Nor has blind custom, thus made the sole and arbitrary guide, any thing of steadiness or uniformity in its decisions: it has varied, from age to age, in the same country: it varies, from country to country, in the same age: and the legal rate has varied along with it: and indeed, with regard to times past, it is from the legal rate, more readily than from any other source, that we collect the customary. Among the Romans, till the time of Justinian, we find it as high as 12 per cent.: in England, so late as the time of Hen. VIII, we find it at 10 per cent.: succeeding statutes reduced it to 8, then to 6, and lastly to 5, where it stands at present. Even at present in Ireland it is at 6 per cent.; and in the West-Indies at 8 per cent.; and in Hindostan, where there is no rate limited by law, the lowest customary rate is 10 or 12. At Constantinople, in certain cases, as I have been well informed, thirty per cent. is a common rate. Now, of all these widely different rates, what one is there, that is intrinsically more proper than another? What is it that evidences this propriety in each instance? what but the mutual convenience of the parties, as manifested by their consent? It is convenience then that has produced whatever there has been of custom in the matter: What can there then be in custom, to make it a better guide than the convenience which gave it birth? and what is there in convenience, that should make it a worse guide in one case than in another? It would be convenient to me to give 6 per cent. for money: I wish to do so. "No," (says the law) "you shan't."—Why so? "Because it is not convenient to your neighbour to give above 5 for it." Can any thing be more absurd than such a reason?
Much has not been done, I think, by legislators as yet in the way of fixing the price of other commodities: and, in what little has been done, the probity of the intention has, I believe, in general, been rather more unquestionable than the rectitude of the principle, or the felicity of the result. Putting money out at interest, is exchanging present money for future: but why a policy, which, as applied to exchanges in general, would be generally deemed absurd and mischievous, should be deemed necessary in the instance of this particular kind of exchange, mankind are as yet to learn. For him who takes as much as he can get for the use of any other sort of thing, an house for instance, there is no particular appellation, nor any mark of disrepute: nobody is ashamed of doing so, nor is it usual so much as to profess to do otherwise. Why a man who takes as much as he can get, be it six, or seven, or eight, or ten per cent. for the use of a sum of money should be called usurer, should be loaded with an opprobrious name, any more than if he had bought an house with it, and made a proportionable profit by the house, is more than I can see.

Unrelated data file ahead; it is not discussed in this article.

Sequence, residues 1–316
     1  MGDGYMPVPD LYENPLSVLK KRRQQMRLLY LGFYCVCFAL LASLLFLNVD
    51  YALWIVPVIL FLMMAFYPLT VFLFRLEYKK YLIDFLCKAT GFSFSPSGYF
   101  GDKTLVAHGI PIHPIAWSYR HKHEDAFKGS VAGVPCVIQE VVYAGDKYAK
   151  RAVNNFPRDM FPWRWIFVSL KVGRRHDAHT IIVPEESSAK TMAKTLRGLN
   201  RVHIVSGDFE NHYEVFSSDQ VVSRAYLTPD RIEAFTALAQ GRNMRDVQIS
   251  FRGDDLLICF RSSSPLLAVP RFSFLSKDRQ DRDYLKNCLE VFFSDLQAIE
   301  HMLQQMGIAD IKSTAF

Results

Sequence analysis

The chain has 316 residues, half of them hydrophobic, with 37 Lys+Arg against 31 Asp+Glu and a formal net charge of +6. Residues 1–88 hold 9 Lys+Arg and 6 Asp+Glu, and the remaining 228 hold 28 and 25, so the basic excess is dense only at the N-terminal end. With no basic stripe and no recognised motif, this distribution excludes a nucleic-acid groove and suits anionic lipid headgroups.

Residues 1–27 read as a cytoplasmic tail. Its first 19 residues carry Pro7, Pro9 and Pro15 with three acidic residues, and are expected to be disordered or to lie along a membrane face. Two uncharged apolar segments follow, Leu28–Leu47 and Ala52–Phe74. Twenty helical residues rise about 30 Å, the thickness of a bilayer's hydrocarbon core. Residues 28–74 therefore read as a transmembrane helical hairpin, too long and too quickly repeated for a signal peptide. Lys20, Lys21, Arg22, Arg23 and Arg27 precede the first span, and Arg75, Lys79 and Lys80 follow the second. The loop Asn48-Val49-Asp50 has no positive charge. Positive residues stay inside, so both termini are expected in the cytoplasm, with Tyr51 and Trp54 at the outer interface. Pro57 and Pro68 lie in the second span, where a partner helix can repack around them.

Another thing I would also wish to learn, is, why the legislator should be more anxious to limit the rate of interest one way, than the other? why he should set his face against the owners of that species of property more than of any other? why he should make it his business to prevent their getting more than a certain price for the use of it, rather than to prevent their getting less? why, in short, he should not take means for making it penal to offer less, for example, than 5 per cent. as well as to accept more? Let any one that can, find an answer to these questions; it is more than I can do: I except always the distant and imperceptible advantage, of sinking the price of goods of all kinds; and, in that remote way, multiplying the future enjoyments of individuals. But this was a consideration by far too distant and refined, to have been the original ground for confining the limitation to this side.